And if you know at least four of the names on the above list, you are well on the path towards being a self-important, latte-drinking dolt. Congratulations!  I'll be sending out membership forms as soon as possible.

- Zoogz Rift (center) & The Amazing Shitheads

With a discography spanning 27 years and 763 albums, some might suggest that Zoogz Rift tilts a bit towards the prolific.  But don't you believe them.  Heck, don't even believe me!  Don't believe in your television, your dog, your fashion sense, your favorite record reviewers, or your schools; simply believe in yourself.  

And the fact that Zoogz Rift is best listened to in self-created mix tape form.

I'm not sure what it is about his music.  I own and cherish approximately 10 Rift albums.  With the possible exception of Amputees in Limbo (SST Records #122, 1985), I find it very difficult to listen to any of his albums in their entirety.  Yet I listen to each of them on a regular basis.       

The closest comparison I can make to the music of Rift would be to that of Beefheart, but only on a superficial level.  Structurally and lyrically, Rift shares a lot with the good Captain.  But while Beefheart & The Magic Band stayed within the blues framework, no matter how far out there they travelled, Zoogz Rift & His Amazing Shitheads veered over a much wider range; jazz, rock, punk, new wave, twerp pop, you name it.  

I guess it boils down to the duel edge of eclecticism.  If done well - and in small doses, musically eclectic outfits can be a rewarding challenge (see The Suburban Lawns).  More so than even the best of straight-forwards.  But if you are going to make an entire career out of being as varied as possible, expect a tight rope walk.  

And long falls when you take a misstep.          

One thing that I can say about Rift and his band that might sell them to those on the fence:  Snag Idiots On The Miniature Golf Course (reissue: SST Records #123, 1987) and check out The Great Apes Ate Grapes.  Tell me that isn't one of the greatest little songs you've never heard.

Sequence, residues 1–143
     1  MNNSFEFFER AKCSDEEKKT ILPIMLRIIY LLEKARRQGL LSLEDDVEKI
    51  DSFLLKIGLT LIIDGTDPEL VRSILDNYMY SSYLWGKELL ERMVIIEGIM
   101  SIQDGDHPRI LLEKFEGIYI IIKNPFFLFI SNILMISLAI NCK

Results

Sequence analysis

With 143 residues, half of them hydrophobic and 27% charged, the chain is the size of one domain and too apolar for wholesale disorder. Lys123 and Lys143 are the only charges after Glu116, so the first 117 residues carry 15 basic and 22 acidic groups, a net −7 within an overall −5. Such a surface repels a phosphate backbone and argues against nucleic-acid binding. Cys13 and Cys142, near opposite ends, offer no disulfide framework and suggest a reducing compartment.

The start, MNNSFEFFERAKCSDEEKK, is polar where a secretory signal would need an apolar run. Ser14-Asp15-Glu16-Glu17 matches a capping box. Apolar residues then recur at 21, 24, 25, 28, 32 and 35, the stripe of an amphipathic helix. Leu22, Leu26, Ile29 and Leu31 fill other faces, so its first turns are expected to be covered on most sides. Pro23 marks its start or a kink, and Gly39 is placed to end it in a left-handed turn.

On and on, Rift & The Shitheads create some of the more memorable riffs you'll ever get stuck in your head: My Daddy Works for the Secret Marines, Evil Eye (both off Amputees in Limbo), Sit Down & Shut Up (off of Ipecac), Dense Rain-Black Forest and Asphyxiated (from Villagers)... 

Wonderful Mix Tape material.   

Links of Interest:

* Enough Zoogz Rift to choke the Son of Sam's dog - Feelin' Kinda Froggy Blog

Tuesday, January 6, 2009

PiL: The Commercial Zone Funhouse

After releasing Flowers of Romance in October of 1981, Public Image Limited found itself in a state of entropy.  

Whether it was darker drugs revealing fangs, John Lydon's lessened involvement due to outside interests, or power plays by both guitarist Keith Levene and on-again-off-again drummer Martin Atkins, the Limited Corporation mirage that all parties had strived so hard to present as viable since their foundation in 1978 threatened to splinter.  

Frankly, when one considers all that the band had to go through in their first few years, it is a surprise they survived as long as they had:

* A seemingly never-ending legal tussle between Lydon and former Sex Pistols manager Malcolm McLaren set the table for...

* A crippling lack of funds, which resulted in guerilla production, performance and management methods that more often than not pissed off fans and...

* A hostile press which attacked the band - and in particular Lydon at almost every opportunity.  Pay back for Lydon acting such a jerk to them during the Pistols days?  You betcha.

- Public Image Ltd., Phase One - (L-R) Keith Levene, Jah Wobble, Johnny Rotten

When you also factor in the loss of founding member and bass sculptor Jah Wobble in 1980, the four baseless police raids in a little over a years time, the infamous American Bandstand, Tom Snyder, and Ritz nightclub appearances - not to mention Warner Brothers Records dropping the band in early 1982 and the band's fateful decision to forgo touring, a state of entropy was probably to be expected.  

After all, these were 20-something year old kids on the proverbial chopping block.  The most grounded of adults tend to crack under such immense pressures; asking and expecting it of someone so young is a cracked mirror reflection of our own seemingly low-key and unimportant lives.
The 20th century taught us to throw entertainment figures on lavish pedestals. And we complied.  Lucky Lindy, Houdini, Frankie, Elvis, Bobby Zimmerman, The Beatles, The Sex Pistols, Little Michael, Madonna, Britney, Princess Diana's Car & Anna Nichole's Corpse... on and on and on; an endless parade of cultural icons for our purchasing pleasure.  

You know they are cultural icons because keychains, tee-shirts, and Rolling Stone Magazine would never lie.   Would they?  

Then again, who is at fault?  The con man who sells the snake oil, or the sucker who constantly buys it?

- Commercial Zone: Limited Edition (Front), 1984 - PiL Records Inc. #XYZ007
To the members of Public Image Limited, the snake oil was becoming a hemlock.

The partnership between band (and corporate) visionaries Lydon and Levene began to deteriorate to the point of no return during early 1983.  The official story is that arguments over mixing the This is Not a Love Song 7" single (Virgin Records #VS 529, September 1983) would lead to Levene's departure from the group.  Of course, He said/She said also points towards Levene's escalating drug problems, Lydon's selling out the 'PiL Ideals', and Atkins' spiteful power plays as the true culprits.  Who really knows.